Heli-deck crews are not born, but made via an intense course at RGIT that teaches them all they need to know in this macho, thrusting discipline. The course includes refueling, load/unload, safe zone compliance, conducting fire-watch, helicopter marshaling and escorting passengers on and off the craft etc. After the course is finished they are secretly whisked away to an underground bunker at RGIT to be taught the more brooding ways of the heli-deck crew. Exact details are not known but are thought to include: How to out-smart troublesome pilots who out-macho the HLO and the mysterious helideck shuffle. Owing to the secret nature of these 'after-course' teachings all HDC will deny all knowledge of these teachings and will pretend to look at you as if you are insane if you ask them any further.

Overseen by the watchful and grizzled face of the Helicopter Landing Officer (HLO) the entire HDC make a formidable team. With bulky flame-retardant jackets and overalls they certainly look the part but are the real deal? Read on and we'll find out.
At least thirty minutes before a helicopter lands they must capable of appearing, almost by magic , in heli-admin to be ready for a landing helicopter.

Helicopter Inbound


A designated fire-fighter among the HDC takes command of a foam-water cannon. It's primed and ready and he trains it on the helicopter for the entire duration of it's landing until take-off. At a given signal or visual sight of danger he will unleash its power. He must be careful though, its powerful blast could easily send a man whirling over the side of the helideck to his doom.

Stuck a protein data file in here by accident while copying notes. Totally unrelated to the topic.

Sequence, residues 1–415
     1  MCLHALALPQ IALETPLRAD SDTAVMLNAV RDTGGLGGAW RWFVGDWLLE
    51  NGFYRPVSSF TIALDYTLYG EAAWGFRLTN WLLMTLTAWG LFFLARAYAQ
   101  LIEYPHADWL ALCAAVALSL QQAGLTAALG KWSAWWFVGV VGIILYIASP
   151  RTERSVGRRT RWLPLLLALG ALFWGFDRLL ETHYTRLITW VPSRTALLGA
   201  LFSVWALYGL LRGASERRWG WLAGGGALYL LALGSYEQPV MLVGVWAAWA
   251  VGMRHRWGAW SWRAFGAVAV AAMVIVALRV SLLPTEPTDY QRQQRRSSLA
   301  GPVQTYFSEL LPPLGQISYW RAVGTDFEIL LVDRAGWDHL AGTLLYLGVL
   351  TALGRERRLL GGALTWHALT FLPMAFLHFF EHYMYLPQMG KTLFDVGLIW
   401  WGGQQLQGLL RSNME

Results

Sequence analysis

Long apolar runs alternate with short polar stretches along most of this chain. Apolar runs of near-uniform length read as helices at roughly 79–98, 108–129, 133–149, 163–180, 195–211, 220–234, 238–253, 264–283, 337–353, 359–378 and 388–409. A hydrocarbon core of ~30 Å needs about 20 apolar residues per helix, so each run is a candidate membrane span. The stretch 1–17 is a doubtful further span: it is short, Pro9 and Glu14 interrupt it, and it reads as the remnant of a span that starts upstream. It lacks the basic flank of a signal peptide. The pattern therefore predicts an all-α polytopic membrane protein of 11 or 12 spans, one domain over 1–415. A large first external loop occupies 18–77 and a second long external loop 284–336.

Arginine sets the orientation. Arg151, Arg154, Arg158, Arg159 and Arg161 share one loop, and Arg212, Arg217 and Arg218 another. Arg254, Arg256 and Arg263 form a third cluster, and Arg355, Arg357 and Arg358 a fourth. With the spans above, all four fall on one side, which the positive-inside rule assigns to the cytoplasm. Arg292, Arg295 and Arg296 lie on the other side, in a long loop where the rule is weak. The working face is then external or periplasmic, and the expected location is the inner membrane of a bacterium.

Usually though it's aimed directly at the pilot to test his steel-like nerves and trust in the heli-deck crew. The pilot may retaliate may pull off some fancy flying moves around the platform instead, passing close and whirling about before landing. Thus begins the duel.

On landing, the HLO alone approaches the helicopter first. Approaching the pilot a bold look of rivalry may pass between them. One is master of the air, the other is only master of the helideck. However, each is upon the others territory and each will take the measure of the other. A minute is always long enough for this though, after which they both will put aside their differences and the HLO collects the manifests and newspapers (they are passed to heli-admin) then the bags are unloaded, laid out on the deck for the passengers to pick up. After the HDC have walked around the helicopter and are satisfied that all is well the doors are opened and out come the passengers. Not much is said in greeting, in fact usually nothing at all is said. The door being slid open signals that it is ok to disembark. If something has to be said its usually 'Get your arse out of that door!' to the more reluctant passengers. The grim-faced looks and apprehensive expressions from the HDC may unsettle rookie oil workers. But it's a necessary way, for from now on the harsh ways of the platform take priority and the serious nature of the HDC is ever present.